Small victories

on


This is O, who never makes a peep and is beautiful and smart.


This is L who will argue about anything and does a very good job of being contrary.

This is S, V and E. S recently brought his Grill to class. I would have told him to put it away but I was amazed. How incredibly stupid.

S, V and E again. V has no idea how beautiful she is, and E needs to relax.


This is M, who I don’t know because she is very quiet. She seems to always have a humorous secret.

V took most of these shots, and she did a much better job than I usually do.

I have spoken here before about my last class of the day that can only be described as a class that is a chore. It is a chore because I have to stay focused, positive and plus since I am teaching it for the first time with no set curriculum, I am coming up with every thing from scratch.

Round about this time of the year, things get quite dicey, usually.

So I have taken special care.

I have been having success after success in this class. I am excited by how excited they are even at this time of the year when excitement about anything besides break is in short supply.

So first it was Whack Whack, a sub-academic game that actually lends itself perfectly to the lower level ESL classroom, especially at the end of the year. Dispensing with the details, the kids have to practice their vocabulary pronunciation they have received throughout the semester and a person slow on the call gets their desk whacked with a large rolled up piece of butcher paper. They looooooove it. It lends itself well to reading fluency with hard words to pronounce, or words that they are loathe to practice pronouncing. In this game, they have to and they love it. I learned it in a Spanish classroom. It is not so appropriate for the beginning of the year, but for the end of the year, wow.

So then, we did a warmup today where they had to brainstorm 15 words to describe a person. I let them go free, throwing out words for them so they wouldn’t stick so close to “nice” “good” and “cool” or “interesting”. I walked around saying “lively”, “creative”, “personable”, “talkative”, “stylish”,” responsible”, “fancy” and any other word… I let them use dictionaries. They came up with “adroit”, “self destructive”, “critical”, “positive” and “loving”. These are level 2 kids!! That means they are reading at about a 3rd grade level!

After that, in carrying on with the “Dead Poet’s Society” that I had shown them, indulgently, though with notes, I decided to have them illustrate a poem of their choosing. I showed them examples of what the Level 3 kids had done the year before. “This is very hard” I heard an advanced student say. So taking heed of this feedback, I went and got a bunch of childrens poetry off the internet, and tapped our librarian explaining to her the level I needed. She gave me a nice cart of books of poetry, haiku, all kinds of stuff that was perfect. They were excited, they laughed at the poems I read, they couldn’t wait to dig into the cart of poetry and get started. Normally I have to press these kids! There are only 4 days left of school! I felt ecstatic! I helped a couple of the lower level kids to understand the poems they had chosen, let them do a couple haiku instead of a full poem. I told them we would put it all together in a book. One girl had even written her own poem, in English!!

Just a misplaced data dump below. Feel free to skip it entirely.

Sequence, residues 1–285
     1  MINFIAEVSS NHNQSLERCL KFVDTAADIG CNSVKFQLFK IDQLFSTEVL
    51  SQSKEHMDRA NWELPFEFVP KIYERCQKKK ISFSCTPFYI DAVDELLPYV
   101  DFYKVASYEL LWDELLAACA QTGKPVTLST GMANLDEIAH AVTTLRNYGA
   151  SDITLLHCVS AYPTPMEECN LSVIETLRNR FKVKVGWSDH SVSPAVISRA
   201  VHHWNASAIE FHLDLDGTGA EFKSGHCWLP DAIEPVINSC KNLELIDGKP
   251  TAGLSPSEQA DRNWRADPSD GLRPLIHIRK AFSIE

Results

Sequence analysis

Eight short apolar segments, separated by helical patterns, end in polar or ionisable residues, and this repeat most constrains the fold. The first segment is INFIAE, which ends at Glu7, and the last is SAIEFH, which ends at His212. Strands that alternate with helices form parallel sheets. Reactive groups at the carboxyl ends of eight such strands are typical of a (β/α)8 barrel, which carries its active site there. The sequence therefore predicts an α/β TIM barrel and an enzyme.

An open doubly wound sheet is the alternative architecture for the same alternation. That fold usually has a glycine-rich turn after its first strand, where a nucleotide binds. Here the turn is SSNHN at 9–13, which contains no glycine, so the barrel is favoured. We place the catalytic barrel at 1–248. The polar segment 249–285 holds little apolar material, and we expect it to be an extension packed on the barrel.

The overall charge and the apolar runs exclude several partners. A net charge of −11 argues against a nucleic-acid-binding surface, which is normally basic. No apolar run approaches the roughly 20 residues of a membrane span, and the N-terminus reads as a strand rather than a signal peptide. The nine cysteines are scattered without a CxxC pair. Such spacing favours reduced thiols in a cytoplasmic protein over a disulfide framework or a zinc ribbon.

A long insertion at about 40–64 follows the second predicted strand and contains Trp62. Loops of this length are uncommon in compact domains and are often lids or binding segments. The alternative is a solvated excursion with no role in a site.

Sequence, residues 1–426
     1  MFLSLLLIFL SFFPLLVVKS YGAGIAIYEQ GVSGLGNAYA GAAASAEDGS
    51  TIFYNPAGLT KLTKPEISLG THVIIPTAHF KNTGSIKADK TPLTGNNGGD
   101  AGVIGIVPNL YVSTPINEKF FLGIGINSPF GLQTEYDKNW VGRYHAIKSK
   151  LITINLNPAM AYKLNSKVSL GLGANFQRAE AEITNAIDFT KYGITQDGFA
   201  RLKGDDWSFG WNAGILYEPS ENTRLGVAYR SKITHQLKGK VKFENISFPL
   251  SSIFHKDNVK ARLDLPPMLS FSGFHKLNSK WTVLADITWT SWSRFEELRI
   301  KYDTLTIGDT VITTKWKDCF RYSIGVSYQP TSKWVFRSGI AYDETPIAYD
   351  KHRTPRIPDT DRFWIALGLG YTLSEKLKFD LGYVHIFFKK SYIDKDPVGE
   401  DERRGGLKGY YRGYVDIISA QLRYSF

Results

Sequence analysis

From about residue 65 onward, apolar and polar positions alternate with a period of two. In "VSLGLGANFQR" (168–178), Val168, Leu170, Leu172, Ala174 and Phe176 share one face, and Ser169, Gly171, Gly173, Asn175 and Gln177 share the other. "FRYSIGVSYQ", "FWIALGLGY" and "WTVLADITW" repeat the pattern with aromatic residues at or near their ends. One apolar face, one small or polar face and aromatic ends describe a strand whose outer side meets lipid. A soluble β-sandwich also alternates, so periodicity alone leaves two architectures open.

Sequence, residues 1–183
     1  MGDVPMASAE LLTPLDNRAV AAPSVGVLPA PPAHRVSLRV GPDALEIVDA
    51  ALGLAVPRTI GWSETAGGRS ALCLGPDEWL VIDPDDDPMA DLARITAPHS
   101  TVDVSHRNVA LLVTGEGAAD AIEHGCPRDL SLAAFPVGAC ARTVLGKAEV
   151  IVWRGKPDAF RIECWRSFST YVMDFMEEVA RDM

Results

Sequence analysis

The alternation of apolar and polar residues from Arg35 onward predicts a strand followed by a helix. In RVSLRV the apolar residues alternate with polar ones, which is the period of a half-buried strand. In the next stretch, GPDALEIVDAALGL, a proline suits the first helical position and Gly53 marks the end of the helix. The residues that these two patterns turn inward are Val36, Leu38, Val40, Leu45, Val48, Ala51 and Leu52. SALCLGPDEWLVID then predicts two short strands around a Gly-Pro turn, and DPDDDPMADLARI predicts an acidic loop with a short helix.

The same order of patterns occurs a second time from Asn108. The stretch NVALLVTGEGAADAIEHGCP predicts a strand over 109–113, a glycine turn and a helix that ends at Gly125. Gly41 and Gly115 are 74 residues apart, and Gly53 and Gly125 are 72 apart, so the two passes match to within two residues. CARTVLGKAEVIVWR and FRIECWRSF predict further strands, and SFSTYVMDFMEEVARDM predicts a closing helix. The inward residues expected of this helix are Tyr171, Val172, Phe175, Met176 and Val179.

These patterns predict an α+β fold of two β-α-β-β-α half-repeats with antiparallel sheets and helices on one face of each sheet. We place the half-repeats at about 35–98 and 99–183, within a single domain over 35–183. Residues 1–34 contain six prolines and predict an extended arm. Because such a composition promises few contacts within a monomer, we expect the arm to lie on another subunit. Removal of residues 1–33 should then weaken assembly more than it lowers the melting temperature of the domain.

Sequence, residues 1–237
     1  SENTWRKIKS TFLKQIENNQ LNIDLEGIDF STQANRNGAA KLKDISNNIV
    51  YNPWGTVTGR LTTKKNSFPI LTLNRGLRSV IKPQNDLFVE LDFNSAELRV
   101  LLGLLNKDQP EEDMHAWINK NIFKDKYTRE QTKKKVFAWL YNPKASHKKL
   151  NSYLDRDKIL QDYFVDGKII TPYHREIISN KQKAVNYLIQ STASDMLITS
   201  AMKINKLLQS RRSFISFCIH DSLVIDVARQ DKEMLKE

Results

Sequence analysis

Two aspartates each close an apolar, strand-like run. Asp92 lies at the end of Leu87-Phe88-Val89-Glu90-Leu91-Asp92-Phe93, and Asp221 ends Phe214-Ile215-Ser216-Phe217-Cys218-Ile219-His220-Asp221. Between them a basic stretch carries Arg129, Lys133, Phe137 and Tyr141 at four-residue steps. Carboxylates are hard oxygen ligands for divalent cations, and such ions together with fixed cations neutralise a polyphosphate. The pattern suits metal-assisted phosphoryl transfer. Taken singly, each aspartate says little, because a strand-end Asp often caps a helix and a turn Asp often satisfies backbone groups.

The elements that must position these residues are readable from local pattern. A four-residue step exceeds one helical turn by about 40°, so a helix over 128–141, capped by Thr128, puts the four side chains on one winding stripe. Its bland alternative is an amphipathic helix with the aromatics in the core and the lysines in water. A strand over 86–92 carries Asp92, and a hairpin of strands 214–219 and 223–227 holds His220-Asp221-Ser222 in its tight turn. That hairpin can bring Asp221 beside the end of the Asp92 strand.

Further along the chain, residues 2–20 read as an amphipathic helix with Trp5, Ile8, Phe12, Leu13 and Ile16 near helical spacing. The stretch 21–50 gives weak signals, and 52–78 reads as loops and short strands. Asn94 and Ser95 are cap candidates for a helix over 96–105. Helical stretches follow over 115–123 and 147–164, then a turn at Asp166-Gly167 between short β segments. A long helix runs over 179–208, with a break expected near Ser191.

The bad attitudes dissolved, the grumbling subsided. I bubbled over with happiness that it worked out.

Year end misery changed to motivation, love it love it love it. Gotta celebrate these small victories.

Advertisements

3 Comments Add yours

  1. Mrs. T says:

    Hey! We play that game, only we call it Matamoscos and play with actual flyswatters designated for this explicit purpose. Love the pics of your students. Don’t you think grills are wack? WHY would anyone want that in their mouth?

  2. Zhenya says:

    Thank you for sharing your successes. I am going to still the whack whack game from you and try it in my very whacky class šŸ™‚ Nice to see pics of your students. I remember L from when she was a fresham and recognize your description of her. Is this the same L you wrote about in your previous post?

  3. Adeline says:

    The L’s are different, one is a Liliya and one is a Lidiya. I did speak to you about Lidiya when I saw you last. She is a special young lady…

Leave a Reply

Fill in your details below or click an icon to log in:

WordPress.com Logo

You are commenting using your WordPress.com account. Log Out / Change )

Twitter picture

You are commenting using your Twitter account. Log Out / Change )

Facebook photo

You are commenting using your Facebook account. Log Out / Change )

Google+ photo

You are commenting using your Google+ account. Log Out / Change )

Connecting to %s